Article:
Design to reduce carbon dioxide emissions

There is general agreement that we have to slow the growth in carbon emissions and then shrink those emissions. Buildings consistently emerge as the best opportunity to reduce emissions.

By Amara Rozgus September 5, 2008

According to BuildingGreen.com, climate change has emerged as the dominant environmental concern of our times, and buildings, as a sector of the economy, represent the most cost-effective opportunity for reducing carbon dioxide (CO 2 ) emissions.

Estimating the carbon footprint of a building can be quite simple or enormously complex, depending on what one needs the estimate to do. The simple approach addresses only operating energy and accepts broad-brush assumptions about CO 2 emissions from electricity generation. More sophisticated approaches, which are not yet well established, add other emissions into the mix, including those from transportation, construction, water, materials, and waste management. These more complicated calculations also include greenhouse gasses other than CO 2 .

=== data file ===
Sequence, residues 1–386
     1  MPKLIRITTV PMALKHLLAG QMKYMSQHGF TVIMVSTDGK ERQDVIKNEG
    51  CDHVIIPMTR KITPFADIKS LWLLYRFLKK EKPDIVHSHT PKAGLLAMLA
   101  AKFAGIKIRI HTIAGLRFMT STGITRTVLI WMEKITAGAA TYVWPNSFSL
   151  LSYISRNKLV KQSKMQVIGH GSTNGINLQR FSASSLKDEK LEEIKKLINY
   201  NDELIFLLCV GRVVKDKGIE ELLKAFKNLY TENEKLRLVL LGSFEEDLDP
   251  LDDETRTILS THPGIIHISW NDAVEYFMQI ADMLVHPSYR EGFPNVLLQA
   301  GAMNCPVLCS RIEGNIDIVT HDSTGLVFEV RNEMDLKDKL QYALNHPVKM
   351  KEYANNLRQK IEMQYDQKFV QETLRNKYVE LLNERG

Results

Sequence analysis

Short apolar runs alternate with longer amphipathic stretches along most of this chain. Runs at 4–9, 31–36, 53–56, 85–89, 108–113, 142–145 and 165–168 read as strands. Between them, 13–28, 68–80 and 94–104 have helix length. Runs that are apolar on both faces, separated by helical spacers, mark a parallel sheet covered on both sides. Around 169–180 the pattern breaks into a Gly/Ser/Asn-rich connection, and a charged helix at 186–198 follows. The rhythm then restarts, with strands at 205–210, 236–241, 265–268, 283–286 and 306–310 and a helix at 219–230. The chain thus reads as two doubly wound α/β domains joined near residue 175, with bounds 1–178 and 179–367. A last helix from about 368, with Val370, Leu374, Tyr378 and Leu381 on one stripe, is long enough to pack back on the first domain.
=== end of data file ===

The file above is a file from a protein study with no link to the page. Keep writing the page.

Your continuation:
To achieve long-term carbon-reduction benefits, strategies such as appropriate massing and orientation that are likely to hold up well over time are better than strategies based on mechanical equipment or purchasing policies, which might not last. Client commitment is important for achieving a low-carbon building, and it’s easier to get that commitment if the emissions are expressed in terms that non-scientists can relate to, such as acres of forest or cars taken off the road.

Read the full story: Counting Carbon: Understanding Carbon Footprints of Buildings